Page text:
Windsor Great Park has witnessed countless events throughout history, dating back to pre-Saxon times, each of which has left its own distinctive mark on this impressive landscape. But it wasn’t until the 13th Century that the areas making up Windsor Great Park were properly defined, creating an incredible variety of landscapes across the 1,942 hectares (4,800 acres) that have grown and been developed over time.
There is a long line of Royal heritage at Windsor Great Park. From William I using the landscape as a hunting ground a thousand years ago, to the original planting of the Long Walk by Charles II, Queen Victoria entertaining on the shores of Virginia Water, to the stewardship of The Prince Philip, Duke of Edinburgh as Ranger of Windsor Great Park for nearly 70 years.
Learn more about our story below.
William I ‘The Conqueror’
Although the Forest of Windsor was already established in 1066, William I was the first monarch to see its potential as a royal hunting ground.
The word ‘forest’, or ‘foris’, originally meant an outside enclosure, so we know there was some sort of fencing before William’s time. But he was the first monarch to build a residence here, and larger hunting enclosures followed.
King Charles II
Windsor Great Park underwent significant changes following the Restoration of the Monarchy in the 17th Century, and many of the recognisable features that our visitors enjoy today originated during this period.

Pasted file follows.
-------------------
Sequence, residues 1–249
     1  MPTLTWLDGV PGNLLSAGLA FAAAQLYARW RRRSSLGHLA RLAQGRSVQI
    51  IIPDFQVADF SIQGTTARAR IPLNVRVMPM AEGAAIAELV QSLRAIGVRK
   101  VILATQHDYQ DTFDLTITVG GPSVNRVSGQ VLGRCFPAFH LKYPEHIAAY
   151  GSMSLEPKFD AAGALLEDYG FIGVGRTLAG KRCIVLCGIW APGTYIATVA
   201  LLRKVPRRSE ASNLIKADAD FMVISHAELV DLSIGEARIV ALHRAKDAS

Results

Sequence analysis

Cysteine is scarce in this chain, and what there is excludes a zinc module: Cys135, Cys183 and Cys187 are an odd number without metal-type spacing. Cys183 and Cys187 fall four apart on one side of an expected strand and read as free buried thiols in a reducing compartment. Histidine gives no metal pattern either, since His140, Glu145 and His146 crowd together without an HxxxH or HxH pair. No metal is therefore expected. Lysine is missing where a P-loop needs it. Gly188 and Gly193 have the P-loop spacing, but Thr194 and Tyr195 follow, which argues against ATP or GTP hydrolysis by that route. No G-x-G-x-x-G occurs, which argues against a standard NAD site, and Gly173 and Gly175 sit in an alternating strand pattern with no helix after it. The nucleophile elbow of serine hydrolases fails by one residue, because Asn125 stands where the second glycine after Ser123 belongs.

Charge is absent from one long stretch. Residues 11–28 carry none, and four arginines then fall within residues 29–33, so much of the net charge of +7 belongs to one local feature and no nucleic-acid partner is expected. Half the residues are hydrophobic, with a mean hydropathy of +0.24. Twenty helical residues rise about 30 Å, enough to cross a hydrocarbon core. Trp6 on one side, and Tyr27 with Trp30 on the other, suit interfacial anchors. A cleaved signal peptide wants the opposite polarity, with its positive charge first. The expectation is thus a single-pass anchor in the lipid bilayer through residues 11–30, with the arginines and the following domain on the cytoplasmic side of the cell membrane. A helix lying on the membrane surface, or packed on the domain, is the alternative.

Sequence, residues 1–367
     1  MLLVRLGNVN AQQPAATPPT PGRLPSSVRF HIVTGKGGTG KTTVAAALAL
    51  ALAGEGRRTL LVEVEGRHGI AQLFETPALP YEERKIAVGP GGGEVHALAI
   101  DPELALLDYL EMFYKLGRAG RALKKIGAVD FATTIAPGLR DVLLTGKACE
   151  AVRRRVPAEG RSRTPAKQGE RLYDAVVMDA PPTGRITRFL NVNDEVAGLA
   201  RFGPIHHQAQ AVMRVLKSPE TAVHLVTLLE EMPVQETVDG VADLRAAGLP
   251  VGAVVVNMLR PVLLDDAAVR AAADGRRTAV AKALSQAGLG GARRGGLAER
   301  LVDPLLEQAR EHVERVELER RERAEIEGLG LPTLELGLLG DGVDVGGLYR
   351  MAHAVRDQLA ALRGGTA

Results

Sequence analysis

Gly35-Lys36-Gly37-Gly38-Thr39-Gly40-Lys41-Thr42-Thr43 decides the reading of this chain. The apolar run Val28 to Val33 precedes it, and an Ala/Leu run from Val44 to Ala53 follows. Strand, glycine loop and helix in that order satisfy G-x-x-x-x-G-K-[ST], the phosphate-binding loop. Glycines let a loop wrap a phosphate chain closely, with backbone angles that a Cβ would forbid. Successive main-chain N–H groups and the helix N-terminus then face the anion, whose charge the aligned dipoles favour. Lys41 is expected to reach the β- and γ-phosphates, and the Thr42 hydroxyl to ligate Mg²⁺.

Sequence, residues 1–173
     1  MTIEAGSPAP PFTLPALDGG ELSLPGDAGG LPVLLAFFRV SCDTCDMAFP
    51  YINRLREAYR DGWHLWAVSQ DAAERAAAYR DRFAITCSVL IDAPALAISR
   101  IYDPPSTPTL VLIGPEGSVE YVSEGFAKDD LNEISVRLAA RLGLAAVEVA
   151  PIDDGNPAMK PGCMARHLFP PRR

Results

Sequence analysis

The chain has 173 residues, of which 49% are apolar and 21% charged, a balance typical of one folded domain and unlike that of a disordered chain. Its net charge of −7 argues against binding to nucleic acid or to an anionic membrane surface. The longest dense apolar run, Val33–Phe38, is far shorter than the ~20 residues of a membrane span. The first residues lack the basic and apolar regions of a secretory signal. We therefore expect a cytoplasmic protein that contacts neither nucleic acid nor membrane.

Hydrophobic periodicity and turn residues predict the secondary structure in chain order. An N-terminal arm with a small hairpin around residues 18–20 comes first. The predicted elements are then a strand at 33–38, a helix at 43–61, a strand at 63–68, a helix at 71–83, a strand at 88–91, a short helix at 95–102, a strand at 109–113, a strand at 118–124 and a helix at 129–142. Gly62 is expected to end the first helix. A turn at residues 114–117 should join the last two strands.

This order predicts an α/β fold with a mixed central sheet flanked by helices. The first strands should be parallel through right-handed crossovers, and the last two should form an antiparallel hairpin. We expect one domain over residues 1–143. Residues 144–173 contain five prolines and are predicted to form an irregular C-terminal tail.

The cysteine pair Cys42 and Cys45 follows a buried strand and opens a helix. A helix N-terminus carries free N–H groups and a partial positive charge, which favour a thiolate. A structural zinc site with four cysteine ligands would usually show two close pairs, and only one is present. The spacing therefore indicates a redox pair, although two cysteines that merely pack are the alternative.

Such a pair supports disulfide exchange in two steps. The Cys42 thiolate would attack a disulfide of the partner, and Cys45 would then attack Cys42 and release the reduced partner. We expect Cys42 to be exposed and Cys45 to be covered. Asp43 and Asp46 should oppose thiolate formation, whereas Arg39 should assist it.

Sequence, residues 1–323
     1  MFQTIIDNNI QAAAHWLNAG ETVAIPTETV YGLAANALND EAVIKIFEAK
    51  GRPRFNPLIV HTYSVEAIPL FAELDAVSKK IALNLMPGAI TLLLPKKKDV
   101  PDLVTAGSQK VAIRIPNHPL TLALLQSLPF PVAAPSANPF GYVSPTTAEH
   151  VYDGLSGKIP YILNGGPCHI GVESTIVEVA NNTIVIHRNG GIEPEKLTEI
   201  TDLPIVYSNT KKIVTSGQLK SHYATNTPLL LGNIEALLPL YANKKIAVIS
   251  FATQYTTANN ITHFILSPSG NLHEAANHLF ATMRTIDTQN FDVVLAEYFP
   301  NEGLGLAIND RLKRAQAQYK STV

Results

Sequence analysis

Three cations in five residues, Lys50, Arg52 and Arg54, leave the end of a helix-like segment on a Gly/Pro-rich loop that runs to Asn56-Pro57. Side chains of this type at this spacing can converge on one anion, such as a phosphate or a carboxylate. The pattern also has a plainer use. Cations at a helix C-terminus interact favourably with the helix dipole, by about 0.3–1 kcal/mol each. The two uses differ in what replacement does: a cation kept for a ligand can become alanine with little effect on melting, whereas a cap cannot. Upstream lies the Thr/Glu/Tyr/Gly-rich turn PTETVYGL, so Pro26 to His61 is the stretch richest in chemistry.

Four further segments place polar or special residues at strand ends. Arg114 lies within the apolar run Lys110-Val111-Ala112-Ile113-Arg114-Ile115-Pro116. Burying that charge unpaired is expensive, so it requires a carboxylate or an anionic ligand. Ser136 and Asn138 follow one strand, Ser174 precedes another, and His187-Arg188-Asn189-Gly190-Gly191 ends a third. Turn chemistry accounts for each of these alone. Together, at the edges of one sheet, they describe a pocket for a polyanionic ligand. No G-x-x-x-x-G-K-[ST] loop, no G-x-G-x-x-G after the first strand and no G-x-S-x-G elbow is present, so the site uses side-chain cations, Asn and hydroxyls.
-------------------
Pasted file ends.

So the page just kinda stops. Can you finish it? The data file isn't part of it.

The Long Walk
The Duke of Cumberland
He was almost certainly responsible for the remodelling of the north end of Cumberland Lodge, at this time, home to the Ranger of Windsor Great Park.
Cumberland Lodge. Royal Collection Trust, © His Majesty King Charles III
William also saw the opportunity to create something extraordinary near the hunting grounds of the Forest. With the help of architects Henry Flitcroft and John Vardy, as well as the topographical draughtsman Thomas Sandby, he conceived a royal pleasure ground of beauty, pageantry and spectacle. The result was Virginia Water, a project that began in 1752 and took almost 40 years to complete.
Aerial video of Virginia Water
King George IV